Etiquette

Carol Leifer’s Teflon Back

In her new book "How to Succeed in Business Without Really Crying,"funnywoman Carol Leifer offers advice on succeeding in life and business. So we asked her to do the same for our listeners.

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Rico Gagliano: Carol Leifer has been nominated for four Emmys for writing TV comedies like “Seinfeld” and “Modern Family.” She is the co-executive producer of the show “Devious Maids” on Lifetime, the second season of which premieres on April 20th. This week sees the publication of her latest book, “How to Succeed in Business Without Really Crying.” Carol, welcome.

Carol Leifer: Thank you! I’m so impressed. You got every one of those credits correct.

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Rico Gagliano: We do our research. This book is a memoir about how you rose to the top of the boys’ club of stand-up comedy and of comedy writing, but it’s also an advice book about succeeding in any profession. What is maybe the one essential rule of success that you find people rarely live by?

Carol Leifer: I think it’s being tenacious. You really do have to have very thick skin and let things roll off your back — I mean, my back is practically teflon-coated by now. That really, to me, is the ‘big secret.’ Just keep moving forward.

Brendan Francis Newnam: That’s how we got you on the show, Carol. By being tenacious.

Carol Leifer: I said “No! No! No!” Yet here I am.

Brendan Francis Newnam: Here you are. Thank you for saying yes. You can sign my teflon back later.

Rico Gagliano: And you really had to be tenacious, of course. When you started, there were very few women in comedy writing.

Carol Leifer: Yeah, but I always saw it as an advantage, because I knew that being different that way would pique the audience’s interest. I advise that to women in whatever business they are in: use that to your advantage.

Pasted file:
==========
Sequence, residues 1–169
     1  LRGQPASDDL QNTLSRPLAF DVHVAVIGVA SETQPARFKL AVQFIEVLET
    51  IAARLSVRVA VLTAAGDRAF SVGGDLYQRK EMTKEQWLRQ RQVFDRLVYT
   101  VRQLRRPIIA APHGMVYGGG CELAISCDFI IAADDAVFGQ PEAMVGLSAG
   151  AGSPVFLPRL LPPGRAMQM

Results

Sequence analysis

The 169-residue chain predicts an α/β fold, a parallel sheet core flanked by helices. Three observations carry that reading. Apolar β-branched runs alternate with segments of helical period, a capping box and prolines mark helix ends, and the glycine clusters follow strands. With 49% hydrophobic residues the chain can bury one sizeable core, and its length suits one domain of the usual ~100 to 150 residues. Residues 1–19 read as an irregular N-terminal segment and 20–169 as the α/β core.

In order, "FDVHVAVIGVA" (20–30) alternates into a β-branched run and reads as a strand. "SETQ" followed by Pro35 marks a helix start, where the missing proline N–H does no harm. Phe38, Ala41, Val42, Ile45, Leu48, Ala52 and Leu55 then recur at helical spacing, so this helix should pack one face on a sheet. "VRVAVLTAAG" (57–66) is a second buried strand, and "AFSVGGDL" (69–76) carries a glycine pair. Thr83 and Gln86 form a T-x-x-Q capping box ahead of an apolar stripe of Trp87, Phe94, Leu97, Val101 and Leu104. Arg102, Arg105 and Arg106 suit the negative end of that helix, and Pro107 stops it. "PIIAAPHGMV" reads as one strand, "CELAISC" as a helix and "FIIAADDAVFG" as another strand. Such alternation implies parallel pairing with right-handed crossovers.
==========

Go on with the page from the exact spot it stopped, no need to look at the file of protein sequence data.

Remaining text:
Rico Gagliano: But wouldn’t it have been seen as a disadvantage at that time? That people might not have wanted you to be in a room of all dudes writing?

Carol Leifer: Well, the great thing about women is we make up 50% of the population.

Rico Gagliano: What?!!

Carol Leifer:Yeah; fun fact for you! Our perspective is always going to be different so, in my view, it’s always going to be needed.

Brendan Francis Newnam: So it gives you an advantage when you’re working on comedy…

Carol Leifer: Exactly! Certainly on something like “Seinfeld,” pitching the idea that Elaine thinks the mirrors at Barney’s are skinny mirrors. I mean, it was doubtful that a man was going to pitch that idea, because that happened to me. In that way, I think women always have to use what makes us different to our advantage.

Brendan Francis Newnam: All right — you give advice in the book, are you ready to give some to our listeners?

Carol Leifer: Absolutely.

Asking Company to Ditch the Kicks

Brendan Francis Newnam: Our first question comes from Liberty in Denver. Liberty writes: “Is there a good way to ask people to remove their shoes before entering your home? I thought a shoe rack, complete with some shoes but enough space for more, would send the slightly passive-aggressive message, but it doesn’t. Why do people think it’s such an imposition to ditch their kicks? I feel like a jerk every time I utter, ‘Oh, would you mind leaving your shoes by the door?’ Help!”

Carol Leifer: I think that, yes, passive aggressive won’t work with that. I think you just have to simply ask people. I mean, I’ve been asked by people, “Would you mind removing your shoes?” and I don’t mind. If that’s how they want to roll…

Brendan Francis Newnam: See, I mind. First of all, what about the hygiene of your feet? Maybe you came from the gym earlier in the day or something and didn’t have a chance to change, and now all of a sudden you have to disrobe? It’s embarrassing.

Rico Gagliano: It makes you feel like you’re in a security line.

Carol Leifer: And yet, you are in their house.

Brendan Francis Newnam: But they’re my host. I’m the guest. Shouldn’t it be like a ‘customer is always right’ type of thing?

Carol Leifer: Yeah… no. I think the guest is never right. Guest has to defer.